Tips for Smart Cities to Improve Data Governance
Smart city data governance must be ethical, responsible, and secure. Public authorities can only achieve this goal if they develop strategies to improve accountability, transparency, and privacy.
1. Establish Collection and Utilization Limitations
Establishing collection and utilization limitations prevents government overreach and impedes individual cases of misuse. Smart cities must align their practices with the value they intend to generate. In other words, their actions should always be in their citizens’ best interests.
2. Identify the Scope and Purpose
Public authorities should consider why they need to collect information. Identifying the value it brings to the city and stakeholders clarifies progression opportunities. They should also estimate how soon the data will be useful to establish realistic timeframes for their objectives.
3. Determine Data Ownership Standards
Who has the right to citizen-generated information? Can the public access it at any time? Local governments must define ownership standards before publicizing, sharing, or privatizing data sets. It’s a necessary step to facilitate trust and preserve privacy.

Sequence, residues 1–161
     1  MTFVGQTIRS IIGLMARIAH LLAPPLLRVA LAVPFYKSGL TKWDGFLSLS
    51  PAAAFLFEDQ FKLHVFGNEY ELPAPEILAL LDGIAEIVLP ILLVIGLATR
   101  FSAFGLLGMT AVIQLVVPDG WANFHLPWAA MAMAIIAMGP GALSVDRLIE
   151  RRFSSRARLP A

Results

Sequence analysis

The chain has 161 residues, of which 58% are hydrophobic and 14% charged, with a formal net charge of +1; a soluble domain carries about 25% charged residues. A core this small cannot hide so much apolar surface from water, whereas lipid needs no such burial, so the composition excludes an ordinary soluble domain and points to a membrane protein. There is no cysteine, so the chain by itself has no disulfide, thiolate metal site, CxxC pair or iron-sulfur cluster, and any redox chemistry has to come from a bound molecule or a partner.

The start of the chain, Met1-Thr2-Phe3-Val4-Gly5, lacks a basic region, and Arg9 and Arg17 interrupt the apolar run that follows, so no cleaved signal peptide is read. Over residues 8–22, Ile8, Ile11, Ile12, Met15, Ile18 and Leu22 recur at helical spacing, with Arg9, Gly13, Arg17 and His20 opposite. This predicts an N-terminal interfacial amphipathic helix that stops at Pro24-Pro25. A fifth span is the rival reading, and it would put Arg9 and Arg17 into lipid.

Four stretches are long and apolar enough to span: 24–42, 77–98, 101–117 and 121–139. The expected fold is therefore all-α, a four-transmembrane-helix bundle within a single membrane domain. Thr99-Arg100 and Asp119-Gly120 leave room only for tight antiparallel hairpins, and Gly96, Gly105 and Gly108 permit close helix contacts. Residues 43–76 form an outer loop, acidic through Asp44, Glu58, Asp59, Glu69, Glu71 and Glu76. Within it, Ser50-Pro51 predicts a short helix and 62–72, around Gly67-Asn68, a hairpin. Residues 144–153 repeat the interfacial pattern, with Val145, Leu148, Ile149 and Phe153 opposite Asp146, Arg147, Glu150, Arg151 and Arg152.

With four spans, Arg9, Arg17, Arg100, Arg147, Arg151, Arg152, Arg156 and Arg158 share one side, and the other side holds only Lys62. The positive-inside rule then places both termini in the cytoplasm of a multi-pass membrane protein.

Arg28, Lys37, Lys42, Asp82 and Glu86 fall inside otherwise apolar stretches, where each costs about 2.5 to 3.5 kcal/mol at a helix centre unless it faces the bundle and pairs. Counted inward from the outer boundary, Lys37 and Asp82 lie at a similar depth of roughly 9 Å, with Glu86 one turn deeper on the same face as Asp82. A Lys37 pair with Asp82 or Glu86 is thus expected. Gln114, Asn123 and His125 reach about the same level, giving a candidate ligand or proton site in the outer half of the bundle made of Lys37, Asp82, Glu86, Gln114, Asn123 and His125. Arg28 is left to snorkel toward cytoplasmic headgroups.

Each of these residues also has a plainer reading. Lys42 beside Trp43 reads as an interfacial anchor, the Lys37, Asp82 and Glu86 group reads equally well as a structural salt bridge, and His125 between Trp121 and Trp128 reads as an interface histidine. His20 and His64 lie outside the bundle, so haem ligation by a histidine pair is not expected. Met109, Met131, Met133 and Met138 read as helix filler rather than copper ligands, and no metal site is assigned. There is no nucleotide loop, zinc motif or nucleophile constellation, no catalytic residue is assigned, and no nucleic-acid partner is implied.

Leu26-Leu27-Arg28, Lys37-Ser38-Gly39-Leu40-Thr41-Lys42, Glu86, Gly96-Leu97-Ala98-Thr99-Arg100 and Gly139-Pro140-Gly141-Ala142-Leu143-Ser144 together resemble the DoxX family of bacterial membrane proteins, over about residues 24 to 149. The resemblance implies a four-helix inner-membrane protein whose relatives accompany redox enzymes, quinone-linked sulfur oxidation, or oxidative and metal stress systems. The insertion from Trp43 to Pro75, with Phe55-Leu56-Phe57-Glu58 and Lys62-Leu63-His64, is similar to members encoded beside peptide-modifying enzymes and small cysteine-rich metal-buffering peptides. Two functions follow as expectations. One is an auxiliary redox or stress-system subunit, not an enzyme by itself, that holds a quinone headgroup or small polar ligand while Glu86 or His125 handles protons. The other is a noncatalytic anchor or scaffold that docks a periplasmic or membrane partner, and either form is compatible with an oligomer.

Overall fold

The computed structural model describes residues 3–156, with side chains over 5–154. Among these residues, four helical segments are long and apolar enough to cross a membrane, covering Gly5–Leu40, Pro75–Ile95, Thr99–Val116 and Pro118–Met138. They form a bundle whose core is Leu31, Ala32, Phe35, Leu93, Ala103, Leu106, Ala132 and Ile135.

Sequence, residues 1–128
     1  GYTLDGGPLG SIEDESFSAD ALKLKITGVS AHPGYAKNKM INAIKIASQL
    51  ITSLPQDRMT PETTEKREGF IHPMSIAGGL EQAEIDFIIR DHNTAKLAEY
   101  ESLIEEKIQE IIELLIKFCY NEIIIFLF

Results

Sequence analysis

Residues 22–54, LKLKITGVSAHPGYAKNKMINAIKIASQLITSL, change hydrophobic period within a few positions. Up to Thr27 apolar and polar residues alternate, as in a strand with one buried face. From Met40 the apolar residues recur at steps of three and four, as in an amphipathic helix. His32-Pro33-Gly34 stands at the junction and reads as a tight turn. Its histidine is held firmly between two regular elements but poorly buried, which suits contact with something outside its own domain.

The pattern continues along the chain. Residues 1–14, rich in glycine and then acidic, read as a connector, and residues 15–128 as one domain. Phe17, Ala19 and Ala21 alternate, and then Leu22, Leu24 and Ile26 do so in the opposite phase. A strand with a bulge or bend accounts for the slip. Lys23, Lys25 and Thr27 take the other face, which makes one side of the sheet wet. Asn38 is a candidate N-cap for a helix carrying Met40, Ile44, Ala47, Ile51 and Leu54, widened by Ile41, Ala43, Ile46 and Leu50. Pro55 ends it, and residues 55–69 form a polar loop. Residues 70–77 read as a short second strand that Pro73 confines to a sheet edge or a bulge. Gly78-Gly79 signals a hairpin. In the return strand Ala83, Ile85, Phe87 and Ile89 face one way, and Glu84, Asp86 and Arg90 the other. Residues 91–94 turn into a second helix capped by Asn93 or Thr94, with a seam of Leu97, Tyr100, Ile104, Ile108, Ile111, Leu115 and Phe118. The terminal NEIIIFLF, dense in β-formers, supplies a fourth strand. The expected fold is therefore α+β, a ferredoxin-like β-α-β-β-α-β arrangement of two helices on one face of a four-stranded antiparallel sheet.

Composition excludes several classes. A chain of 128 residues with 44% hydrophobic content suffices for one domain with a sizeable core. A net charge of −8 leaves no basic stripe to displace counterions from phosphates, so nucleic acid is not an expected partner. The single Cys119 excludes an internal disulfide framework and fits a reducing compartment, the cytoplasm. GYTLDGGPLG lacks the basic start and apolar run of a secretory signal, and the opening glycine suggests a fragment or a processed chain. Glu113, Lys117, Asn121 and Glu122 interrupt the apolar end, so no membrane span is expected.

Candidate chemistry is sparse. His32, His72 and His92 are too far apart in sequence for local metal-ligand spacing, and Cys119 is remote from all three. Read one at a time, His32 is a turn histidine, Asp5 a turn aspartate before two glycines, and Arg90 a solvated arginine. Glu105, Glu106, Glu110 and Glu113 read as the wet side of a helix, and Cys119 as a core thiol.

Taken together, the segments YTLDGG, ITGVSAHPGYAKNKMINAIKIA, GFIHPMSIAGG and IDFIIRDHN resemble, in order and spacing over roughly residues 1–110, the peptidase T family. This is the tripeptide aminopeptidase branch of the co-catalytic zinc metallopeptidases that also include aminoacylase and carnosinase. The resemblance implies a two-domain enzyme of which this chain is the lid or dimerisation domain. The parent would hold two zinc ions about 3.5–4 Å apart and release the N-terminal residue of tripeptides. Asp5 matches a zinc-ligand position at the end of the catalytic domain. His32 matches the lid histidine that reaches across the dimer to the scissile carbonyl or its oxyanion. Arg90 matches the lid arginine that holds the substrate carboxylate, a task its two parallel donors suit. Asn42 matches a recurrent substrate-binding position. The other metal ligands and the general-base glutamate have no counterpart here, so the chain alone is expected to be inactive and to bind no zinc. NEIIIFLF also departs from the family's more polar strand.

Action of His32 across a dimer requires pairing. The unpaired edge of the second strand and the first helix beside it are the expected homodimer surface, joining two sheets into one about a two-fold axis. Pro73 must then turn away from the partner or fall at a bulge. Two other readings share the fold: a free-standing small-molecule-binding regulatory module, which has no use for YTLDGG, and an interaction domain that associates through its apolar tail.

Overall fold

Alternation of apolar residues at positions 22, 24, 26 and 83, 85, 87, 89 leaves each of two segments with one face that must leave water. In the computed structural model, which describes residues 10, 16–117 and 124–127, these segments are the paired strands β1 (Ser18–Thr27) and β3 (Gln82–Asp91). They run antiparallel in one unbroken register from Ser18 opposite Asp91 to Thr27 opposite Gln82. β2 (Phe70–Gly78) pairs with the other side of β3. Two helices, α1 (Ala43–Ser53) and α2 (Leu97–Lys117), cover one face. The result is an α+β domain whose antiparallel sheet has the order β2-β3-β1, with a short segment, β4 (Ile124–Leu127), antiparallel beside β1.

4. Establish Privileges and Policies
City council members must establish privileges and policies to govern data access and usage. This approach minimizes misuse. Additionally, it provides public authorities with legal and ethical standards to reference in the face of lawsuits, public concerns, and unforeseen events.
5. Anonymize Data Sets for Privacy
Anonymization protects citizens from privacy violations, excess scrutiny, and public embarrassment. Local governments should be careful to de-identify or redact any identifying information in shared or publicized data sets.
6. Engage in an Ongoing Open Discussion
Citizens have the right to know how local governments or private vendors use their data. Since nearly 40% of people are already happy to share their personal information, engaging in open discussion would foster transparency and trust. City council members should routinely use meetings, surveys, and public forums to source feedback.
7. Facilitate Collaboration and Data Sharing
Local government agencies, advisory committees, and neighboring cities should collaborate. This way, they eliminate data silos, ease the financial burden of information processing and gain unique insights into utilization opportunities.
8. Implement Storage Security Measures
Smart cities must ensure their actions comply with local and federal laws. Additionally, they must leverage audits, access privileges, and authentication mechanisms to enhance data storage security. Preventing breaches and leaks is vital to maintaining citizens’ trust.
Data Governance Improvements Are Vital
Success is only possible if data breaches, public backlash, and improper management don’t hinder progression. In other words, better data governance is a necessity. Smart cities must develop proven, modern strategies if they want to last.